Frank Augstein / AP
In the corridors of the European Building in Brussels, European Union officials gathered around a small table to determine the fate of the country that voted in favor of its rejection.
UK. Prime Minister Theresa May was banished to another room while the rest were contemplating: would May apply for the months-long extension she had asked to take time to negotiate a Brexit withdrawal agreement with Parliament?
Eventually, May got an extension – but not the one she was hoping for. After several hours of negotiations the heads of state and government of the 27 remaining European Union countries unanimously agreed Thursday to postpone the deadline for the UK's 29 March exit from the political bloc. The EU. offered two alternative deadlines – one if the UK legislator can agree on a way forward and one if that is not possible.
If Prime Minister Theresa May can convince MPs to accept their Brexit conditions, the country has time to make it through May 22, one day before the European Parliament elections begin. However, if May can not persuade the legislator to agree to the deal, which has already been rejected twice, the country will only be given two weeks until April 12 to clarify the next steps.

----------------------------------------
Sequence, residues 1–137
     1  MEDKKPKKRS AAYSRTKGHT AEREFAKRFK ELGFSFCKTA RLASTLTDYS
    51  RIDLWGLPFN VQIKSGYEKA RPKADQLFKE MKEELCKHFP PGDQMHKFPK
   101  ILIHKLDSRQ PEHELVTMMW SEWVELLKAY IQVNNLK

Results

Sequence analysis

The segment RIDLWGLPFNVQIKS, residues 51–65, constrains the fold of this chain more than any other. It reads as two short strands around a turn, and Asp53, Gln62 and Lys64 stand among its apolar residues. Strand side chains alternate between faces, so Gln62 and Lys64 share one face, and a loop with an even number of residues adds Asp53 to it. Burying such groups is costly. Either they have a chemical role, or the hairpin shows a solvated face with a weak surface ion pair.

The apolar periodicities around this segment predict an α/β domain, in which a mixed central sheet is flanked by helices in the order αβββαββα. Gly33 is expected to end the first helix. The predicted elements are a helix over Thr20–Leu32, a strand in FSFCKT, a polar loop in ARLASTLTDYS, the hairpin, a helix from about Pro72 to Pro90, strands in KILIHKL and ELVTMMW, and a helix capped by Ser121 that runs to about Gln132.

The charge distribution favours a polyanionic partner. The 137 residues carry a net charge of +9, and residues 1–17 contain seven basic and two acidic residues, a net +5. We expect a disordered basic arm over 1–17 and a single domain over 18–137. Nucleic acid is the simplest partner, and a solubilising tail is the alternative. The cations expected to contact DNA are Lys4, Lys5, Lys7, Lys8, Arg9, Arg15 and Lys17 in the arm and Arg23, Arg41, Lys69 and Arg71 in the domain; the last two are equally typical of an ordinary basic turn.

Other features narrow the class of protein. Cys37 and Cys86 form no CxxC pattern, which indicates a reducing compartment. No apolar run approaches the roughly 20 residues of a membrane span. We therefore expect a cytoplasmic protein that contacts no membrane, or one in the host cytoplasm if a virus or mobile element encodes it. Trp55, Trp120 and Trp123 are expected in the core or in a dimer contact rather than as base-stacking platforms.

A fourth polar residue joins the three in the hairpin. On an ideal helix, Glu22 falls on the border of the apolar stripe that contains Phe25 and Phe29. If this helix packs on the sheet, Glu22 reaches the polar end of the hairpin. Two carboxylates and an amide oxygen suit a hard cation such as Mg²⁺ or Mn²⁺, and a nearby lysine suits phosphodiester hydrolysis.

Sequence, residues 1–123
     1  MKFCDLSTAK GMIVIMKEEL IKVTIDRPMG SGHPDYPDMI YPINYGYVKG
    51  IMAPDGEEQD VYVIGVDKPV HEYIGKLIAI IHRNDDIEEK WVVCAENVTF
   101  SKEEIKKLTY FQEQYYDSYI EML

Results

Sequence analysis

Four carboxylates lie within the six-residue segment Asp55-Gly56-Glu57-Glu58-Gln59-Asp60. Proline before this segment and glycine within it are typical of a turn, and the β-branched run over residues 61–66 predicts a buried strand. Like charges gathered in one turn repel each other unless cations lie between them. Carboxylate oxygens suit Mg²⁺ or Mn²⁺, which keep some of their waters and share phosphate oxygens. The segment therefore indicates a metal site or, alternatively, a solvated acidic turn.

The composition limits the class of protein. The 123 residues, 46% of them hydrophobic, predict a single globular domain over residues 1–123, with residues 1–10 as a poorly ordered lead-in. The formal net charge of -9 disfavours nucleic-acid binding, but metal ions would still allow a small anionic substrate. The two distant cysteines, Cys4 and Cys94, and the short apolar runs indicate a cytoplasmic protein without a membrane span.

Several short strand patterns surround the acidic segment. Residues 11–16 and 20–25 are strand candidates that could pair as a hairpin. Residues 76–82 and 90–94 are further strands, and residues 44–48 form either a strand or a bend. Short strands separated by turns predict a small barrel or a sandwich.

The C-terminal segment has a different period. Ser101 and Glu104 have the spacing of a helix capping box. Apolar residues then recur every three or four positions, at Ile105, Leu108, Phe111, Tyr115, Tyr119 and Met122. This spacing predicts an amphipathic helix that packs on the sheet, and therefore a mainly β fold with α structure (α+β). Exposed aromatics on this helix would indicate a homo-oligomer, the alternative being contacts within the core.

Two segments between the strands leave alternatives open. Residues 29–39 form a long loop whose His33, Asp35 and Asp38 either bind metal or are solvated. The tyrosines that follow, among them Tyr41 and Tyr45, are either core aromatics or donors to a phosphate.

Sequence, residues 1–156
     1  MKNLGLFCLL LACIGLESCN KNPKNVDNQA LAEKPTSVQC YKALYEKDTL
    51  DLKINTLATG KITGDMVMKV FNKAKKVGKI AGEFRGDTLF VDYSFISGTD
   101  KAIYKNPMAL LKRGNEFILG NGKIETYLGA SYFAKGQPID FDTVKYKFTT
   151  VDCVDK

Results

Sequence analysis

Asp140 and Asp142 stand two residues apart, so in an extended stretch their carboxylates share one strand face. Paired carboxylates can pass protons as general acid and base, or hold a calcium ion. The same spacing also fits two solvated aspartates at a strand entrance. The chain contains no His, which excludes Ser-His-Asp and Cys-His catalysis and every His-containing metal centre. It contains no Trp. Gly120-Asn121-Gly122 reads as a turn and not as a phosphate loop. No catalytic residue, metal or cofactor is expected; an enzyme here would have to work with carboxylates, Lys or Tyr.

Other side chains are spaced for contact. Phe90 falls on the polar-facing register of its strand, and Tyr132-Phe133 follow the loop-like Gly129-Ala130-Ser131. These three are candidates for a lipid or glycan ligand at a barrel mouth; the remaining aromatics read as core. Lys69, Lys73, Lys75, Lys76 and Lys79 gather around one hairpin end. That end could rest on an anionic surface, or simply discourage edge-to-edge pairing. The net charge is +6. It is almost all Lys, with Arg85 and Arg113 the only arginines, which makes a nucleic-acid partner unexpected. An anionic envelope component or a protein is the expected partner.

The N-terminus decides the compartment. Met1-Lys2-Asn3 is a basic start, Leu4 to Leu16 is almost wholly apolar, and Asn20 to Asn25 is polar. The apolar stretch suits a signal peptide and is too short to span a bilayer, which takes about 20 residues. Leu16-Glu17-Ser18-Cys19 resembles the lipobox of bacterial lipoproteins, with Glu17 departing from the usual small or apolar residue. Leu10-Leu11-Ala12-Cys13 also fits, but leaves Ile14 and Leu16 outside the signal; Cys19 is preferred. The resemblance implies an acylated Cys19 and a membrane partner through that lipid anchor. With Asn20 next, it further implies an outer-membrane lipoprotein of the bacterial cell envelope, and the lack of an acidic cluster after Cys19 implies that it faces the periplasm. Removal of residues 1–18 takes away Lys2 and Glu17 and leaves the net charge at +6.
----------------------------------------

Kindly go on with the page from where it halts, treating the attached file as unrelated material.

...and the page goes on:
According to Donald Tusk, European Council President: "In practice, this means that by then all options remain open and the date of the cliff is delayed." The UK government now has effectively four options, he said: "Deal, no-deal, a long extension or revocation of Article 50". Article 50 contains the provisions of the Treaty of Lisbon which allowed Great Britain to voluntarily leave the union.
If the UK can not figure out what it is doing by 12 April, "the option of a long extension automatically becomes impossible." Tusk said.
In practice, a non-decision by 12 April could mean an abrupt end to EU membership with continued political and economic uncertainty for both parties.
After meeting with EU May said that Britain would definitely leave the block. If Parliament rejects its proposal once again, "either we would not be making a deal or presenting an alternative plan," she told the New York Times.
But E.U. Those in charge felt that May's enthusiasm showed that they were not in contact with the political situation, the Washington Post reported. A diplomat told the Post that May's assessments were "a bit like coming from another planet".
A petition on Parliament's website calling for the repeal of Article 50 – essentially the removal of the entire Brexit – has already resulted in more than 2 million signatures. However, in May it said it would "not support" revoking Article 50. A spokeswoman told the Guardian that "disregarding the vote would be a failure of our democracy" and unacceptable for May.